What Do the 8 AKC Dog Breed Groups Mean?

akc groups aussiegallBy Linda Cole

The American Kennel Club, established in 1884, is a registry of purebred dogs in the United States. To help categorize breeds, dogs are put into one of eight groups based on why the breed was created – i.e., what his job is.

Herding Group

The main function of dogs in this group is to control the movement of other animals. AKC created this newest classification in 1983. Prior to that, they were members of the Working Group. These breeds have the stamina and superb athletic ability to work long hours in difficult weather conditions and over rough terrain. Their job is to drive livestock or herd sheep, controlling them by manipulating their movements. They are extremely intelligent, able to problem solve and have the ability to work on their own when necessary.

Sporting Group

Members of this group were developed to flush out and retrieve quarry on land or in water. In Europe it’s called the Gundog Group, and many of the breeds have their origins in European countries. At one time, hunting was essential to provide food for the family and dogs were indispensable in helping the hunter locate fowl hiding in thick underbrush. When hunting with guns became more popular, retrievers were developed to bring back quarry that had been shot down. These dogs have a generally laid back temperament, are very intelligent, easy to train and want to please.

Hound Group

This group is made up of scenthounds and sighthounds. One member, the Bloodhound, has the best nose around. This group also has the fastest dogs on earth, the Greyhound and the Whippet. Coonhounds were developed to hunt prey, from raccoons to mountain lions, follow their trail and tree them. Their distinct bawling bark is how hunters are able to follow and find their dogs. This is an interesting mix of breeds that includes the tallest dog, the Irish Wolfhound, which was originally bred to hunt wolves, to the short-legged Dachshund known in his native country of Germany as the Badger dog.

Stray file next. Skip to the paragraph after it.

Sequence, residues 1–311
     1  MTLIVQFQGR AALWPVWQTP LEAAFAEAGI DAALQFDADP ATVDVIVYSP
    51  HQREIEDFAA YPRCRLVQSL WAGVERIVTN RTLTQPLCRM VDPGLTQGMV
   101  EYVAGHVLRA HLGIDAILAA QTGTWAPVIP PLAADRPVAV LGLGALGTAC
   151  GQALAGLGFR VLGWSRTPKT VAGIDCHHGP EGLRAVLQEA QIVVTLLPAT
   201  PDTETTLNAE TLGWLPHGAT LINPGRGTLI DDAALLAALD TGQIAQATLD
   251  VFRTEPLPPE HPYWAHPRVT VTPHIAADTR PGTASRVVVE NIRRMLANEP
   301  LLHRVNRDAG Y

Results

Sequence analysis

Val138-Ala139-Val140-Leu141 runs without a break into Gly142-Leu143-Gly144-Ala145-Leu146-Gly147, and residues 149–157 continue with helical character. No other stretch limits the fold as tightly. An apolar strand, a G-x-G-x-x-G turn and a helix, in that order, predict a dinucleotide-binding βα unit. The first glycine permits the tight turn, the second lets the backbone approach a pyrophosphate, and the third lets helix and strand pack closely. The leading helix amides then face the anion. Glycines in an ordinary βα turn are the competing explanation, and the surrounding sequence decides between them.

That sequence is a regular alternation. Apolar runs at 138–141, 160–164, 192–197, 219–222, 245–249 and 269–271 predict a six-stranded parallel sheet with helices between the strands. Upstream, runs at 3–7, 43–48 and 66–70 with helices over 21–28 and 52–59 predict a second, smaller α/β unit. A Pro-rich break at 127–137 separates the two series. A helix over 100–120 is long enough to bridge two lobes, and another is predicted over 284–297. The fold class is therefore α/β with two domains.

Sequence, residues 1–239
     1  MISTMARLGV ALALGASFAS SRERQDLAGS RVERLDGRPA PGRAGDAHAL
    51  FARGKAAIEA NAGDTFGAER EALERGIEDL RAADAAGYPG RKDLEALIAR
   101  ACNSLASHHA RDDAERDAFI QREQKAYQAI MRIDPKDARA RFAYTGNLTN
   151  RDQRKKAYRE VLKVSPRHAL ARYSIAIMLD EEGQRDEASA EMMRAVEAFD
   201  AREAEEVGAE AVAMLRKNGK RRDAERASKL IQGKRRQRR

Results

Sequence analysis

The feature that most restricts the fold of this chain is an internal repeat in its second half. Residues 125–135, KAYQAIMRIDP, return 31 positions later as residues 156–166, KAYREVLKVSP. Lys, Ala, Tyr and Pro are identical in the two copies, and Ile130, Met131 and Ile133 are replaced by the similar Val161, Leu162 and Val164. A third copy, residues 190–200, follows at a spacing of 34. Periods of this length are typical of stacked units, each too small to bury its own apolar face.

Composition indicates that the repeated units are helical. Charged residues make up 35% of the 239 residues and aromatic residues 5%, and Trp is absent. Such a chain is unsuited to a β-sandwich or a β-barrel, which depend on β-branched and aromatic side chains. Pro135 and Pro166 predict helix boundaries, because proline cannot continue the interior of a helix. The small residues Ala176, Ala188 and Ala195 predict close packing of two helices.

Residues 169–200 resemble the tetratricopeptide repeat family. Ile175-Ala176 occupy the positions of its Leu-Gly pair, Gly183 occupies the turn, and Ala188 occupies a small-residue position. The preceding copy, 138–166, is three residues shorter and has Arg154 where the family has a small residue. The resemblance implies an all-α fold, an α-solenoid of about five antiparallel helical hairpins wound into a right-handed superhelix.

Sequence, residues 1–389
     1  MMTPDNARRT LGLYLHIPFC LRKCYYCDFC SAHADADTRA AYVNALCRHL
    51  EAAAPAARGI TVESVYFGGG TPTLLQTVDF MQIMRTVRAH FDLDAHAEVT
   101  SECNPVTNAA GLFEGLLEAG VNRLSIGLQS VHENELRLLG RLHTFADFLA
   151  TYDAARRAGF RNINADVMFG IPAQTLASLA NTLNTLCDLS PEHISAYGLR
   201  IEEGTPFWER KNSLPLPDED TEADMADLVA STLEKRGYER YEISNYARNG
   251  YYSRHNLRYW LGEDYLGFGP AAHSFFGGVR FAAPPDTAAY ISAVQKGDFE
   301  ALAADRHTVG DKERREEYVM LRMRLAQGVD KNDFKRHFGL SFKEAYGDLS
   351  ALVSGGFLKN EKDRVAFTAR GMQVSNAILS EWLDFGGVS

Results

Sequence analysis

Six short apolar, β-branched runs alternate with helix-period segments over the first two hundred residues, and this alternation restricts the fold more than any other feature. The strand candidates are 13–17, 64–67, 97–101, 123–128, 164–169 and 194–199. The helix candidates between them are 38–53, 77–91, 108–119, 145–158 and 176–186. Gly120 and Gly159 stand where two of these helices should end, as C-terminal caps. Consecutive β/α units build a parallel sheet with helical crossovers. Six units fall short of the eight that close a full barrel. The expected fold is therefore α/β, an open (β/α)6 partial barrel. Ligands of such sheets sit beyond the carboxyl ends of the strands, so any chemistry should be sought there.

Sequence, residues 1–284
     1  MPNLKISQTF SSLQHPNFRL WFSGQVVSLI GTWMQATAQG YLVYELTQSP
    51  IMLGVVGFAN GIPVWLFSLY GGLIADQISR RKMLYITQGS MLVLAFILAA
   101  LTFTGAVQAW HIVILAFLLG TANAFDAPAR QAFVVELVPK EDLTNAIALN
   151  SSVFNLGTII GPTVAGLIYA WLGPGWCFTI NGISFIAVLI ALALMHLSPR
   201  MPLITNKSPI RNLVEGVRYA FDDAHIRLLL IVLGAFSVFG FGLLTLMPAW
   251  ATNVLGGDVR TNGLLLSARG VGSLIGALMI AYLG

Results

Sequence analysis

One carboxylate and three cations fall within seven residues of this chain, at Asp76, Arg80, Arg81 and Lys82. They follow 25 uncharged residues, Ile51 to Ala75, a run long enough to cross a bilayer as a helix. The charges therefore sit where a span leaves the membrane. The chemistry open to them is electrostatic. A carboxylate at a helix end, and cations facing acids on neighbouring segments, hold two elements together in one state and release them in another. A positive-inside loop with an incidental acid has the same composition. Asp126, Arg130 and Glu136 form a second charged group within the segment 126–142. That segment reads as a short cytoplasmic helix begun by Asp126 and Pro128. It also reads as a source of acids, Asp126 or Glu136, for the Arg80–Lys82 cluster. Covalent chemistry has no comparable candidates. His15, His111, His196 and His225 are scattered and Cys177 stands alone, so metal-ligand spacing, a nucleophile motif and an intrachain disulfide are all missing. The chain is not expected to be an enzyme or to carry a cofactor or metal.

Terrier Group

This is a group of feisty, tenacious, fearless and energetic dogs with an attitude to match their prey. These dogs love the hunt, and use their small size to follow prey above and below ground. Terriers, like the Parson Russell, were bred to go to ground to flush out fox from their underground dens so the hunt could continue. Terriers were also bred to control vermin populations. Some from this group were developed to meet a special need. The Soft Coated Wheaten Terrier came about because of an early British law that made it unlawful for poor Irish farmers to own a dog that was over 19 inches at the shoulders, forbid them to own hunting dogs, and taxed a dog with a long tail. The Wheaten was developed in Ireland as an all-around farm dog for tenant farmers to get around this law.

Working Group

This group is the blue-collar workers of the canine world. These dogs were developed to perform tasks like pulling heavy freight sleds or carts, aiding fishermen with their nets, rescuing travelers in the Swiss Alps, or standing guard over a flock to protect their four-legged and human family members from harm. These are courageous, intelligent and hardworking canines. Some of these breeds are among the largest dogs; a diet designed specifically for large breed dogs, like CANIDAE Large Breed Formula puppy and adult dog food, is important to make sure large breeds have a proper and healthy diet.

Toy Group

This group may contain the smallest breeds, but don’t let their little size fool you. Even though these dogs were bred to give comfort, some of them have the fearless attitude of a terrier and are good ratters. Some of these lapdogs were developed in monasteries or royal courts, and were beloved pets of kings and queens. The Cavalier King Charles Spaniel, the largest of the toy breeds, has stayed true to his spaniel heritage as a hunter of small fowl.

Non-Sporting Group

This group, also known as the Utility Group, is made up of breeds that don’t fit into any of the other classifications. This is a varied group of canines, which includes one of the world’s most unique and unusual breed, the Norwegian Lundehund – a polydactyl dog with toes that can function like fingers to grip slippery rocks.

Miscellaneous Group

These are breeds waiting to be fully recognized by the AKC. Members of this group can compete in and earn titles in obedience, tracking and agility events, but are not eligible for championship points. They can also compete in Junior Showmanship and conformation shows, but can only compete within the group. When officially recognized, they are moved into their appropriate group.

Top photo by Aussiegall
Bottom photo by ClickFlash Photos

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One thought on “What Do the 8 AKC Dog Breed Groups Mean?

  1. “Herding Group”—YEP! This is my boy! He is a Sheltie

    The main function of dogs in this group is to control the movement of other animals. AKC created this newest classification in 1983. Prior to that, they were members of the Working Group. These breeds have the stamina and superb athletic ability to work long hours in difficult weather conditions and over rough terrain. Their job is to drive livestock or herd sheep, controlling them by manipulating their movements. They are extremely intelligent, able to problem solve and have the ability to work on their own when necessary.

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